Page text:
To extract a lat/lon region from curvilinear data, use the getind_latlon2d function. Assuming you have a 2D array "temp" with 2D lat/lon arrays that you've read off the file and named "lat2d", "lon2d":

  lat_pts  = (/30,60/)
  lon_pts  = (/ 0,50/)
  ij       = getind_latlon2d(lat2d,lon2d,lat_pts,lon_pts)
  temp_sub = temp(ij(0,0):ij(1,0),ij(0,1):ij(1,1))
The first frame of this example shows the plot of the whole data array, which is regional data that covers the United States. The second frame extracts a region over New Mexico and Colorado using getind_latlon2d. The third frame zooms in on this region and adds a lat/lon grid and markers to further show the region of interest. The gsn_coordinates procedure is used to add the lat/lon grid lines.

See latlon_subset_3.ncl for an example of using region_ind. See latlon_subset_compare_3.ncl for a comparison of both methods.

latlon_subset_3.ncl:

This example is exactly the same as latlon_subset_2 except the region_ind function is used.

What is the difference between the two functions? The getind_latlon2d uses arguments which specify two opposite corners of the region while region_ind's arguments specify the southern- (latS), northern- (latN), western- (latW) and eastern- (latE) most locations.

Clearly, when applied to the data of this example, the grid area difference is small. Different curvilinear grids may result in larger areal differences.

See latlon_subset_2.ncl for an example of using getind_latlon2d. See latlon_subset_compare_3.ncl for a comparison of both methods.

latlon_subset_compare_3.ncl:

This example is a panel plot of the third images from the previous two examples, allowing you to more easily compare the difference between the getind_latlon2d and region_ind functions.

Note that the lat/lon area created by using the region_ind function is slightly larger than the area created by the getind_latlon2d function.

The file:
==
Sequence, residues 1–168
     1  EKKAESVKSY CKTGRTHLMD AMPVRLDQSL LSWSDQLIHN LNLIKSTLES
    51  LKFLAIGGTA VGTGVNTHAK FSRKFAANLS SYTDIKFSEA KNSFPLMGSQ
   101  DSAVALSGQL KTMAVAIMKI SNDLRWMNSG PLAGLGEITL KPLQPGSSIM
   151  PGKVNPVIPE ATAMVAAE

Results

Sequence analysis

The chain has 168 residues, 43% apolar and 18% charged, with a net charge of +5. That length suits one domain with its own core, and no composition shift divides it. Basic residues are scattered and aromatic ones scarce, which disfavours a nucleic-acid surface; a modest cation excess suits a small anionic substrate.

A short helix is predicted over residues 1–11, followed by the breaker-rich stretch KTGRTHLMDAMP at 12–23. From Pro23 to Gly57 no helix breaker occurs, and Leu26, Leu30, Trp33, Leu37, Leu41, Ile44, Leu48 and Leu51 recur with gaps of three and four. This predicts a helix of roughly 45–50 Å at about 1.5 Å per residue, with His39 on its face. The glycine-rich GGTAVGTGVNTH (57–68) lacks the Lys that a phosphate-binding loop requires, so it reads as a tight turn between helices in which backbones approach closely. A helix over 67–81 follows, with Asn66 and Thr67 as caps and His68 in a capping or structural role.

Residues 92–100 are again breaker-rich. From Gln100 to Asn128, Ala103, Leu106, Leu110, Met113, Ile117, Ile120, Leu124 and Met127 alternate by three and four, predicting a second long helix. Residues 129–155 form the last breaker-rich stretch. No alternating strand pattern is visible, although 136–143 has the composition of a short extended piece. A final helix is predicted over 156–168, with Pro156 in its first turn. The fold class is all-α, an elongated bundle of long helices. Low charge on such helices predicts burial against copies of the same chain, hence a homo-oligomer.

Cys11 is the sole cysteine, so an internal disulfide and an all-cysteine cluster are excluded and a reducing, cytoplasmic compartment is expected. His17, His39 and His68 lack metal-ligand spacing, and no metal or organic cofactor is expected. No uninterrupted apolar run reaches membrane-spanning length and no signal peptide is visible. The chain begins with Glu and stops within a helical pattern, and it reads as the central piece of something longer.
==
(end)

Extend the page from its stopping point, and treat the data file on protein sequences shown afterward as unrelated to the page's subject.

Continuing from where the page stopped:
mask_9.ncl: Demonstrates using gc_inout to mask an area in your data array using a geographical outline.

This particular example reads a shapefile to get an outline of the Mississippi River Basin. You then have the option of masking out all areas inside or outside this outline.

Katrina_circle.ncl: This script plots the 5-day running average of precipitation for an entire year (2005). It shows a unique way of displaying filled contours in a circle, by using nggcog in conjunction with gc_inout to mask data inside a great circle.

See the Unique examples page for another version of this script that generates a histogram of the values, and for an animation of both scripts.

This code was contributed by Jake Huff, a Masters student in the Climate Extremes Modeling Group at Stony Brook University.

wrf_gsn_10.ncl This example shows three ways to subset a WRF lat/lon grid by providing two corners of a lat/lon box. Using each method, a spatial average is taken of the data in this box.

The three methods are 1) where, 2) wrf_user_ll_to_ij, 3) getind_latlon2d.

Markers are drawn in the plots to show the area where the data was subsetted, so you can see there is quite a difference in the two methods.

wrf_user_ll_to_ij should only be used on WRF-ARW data. The other methods will work on curvilinear grids.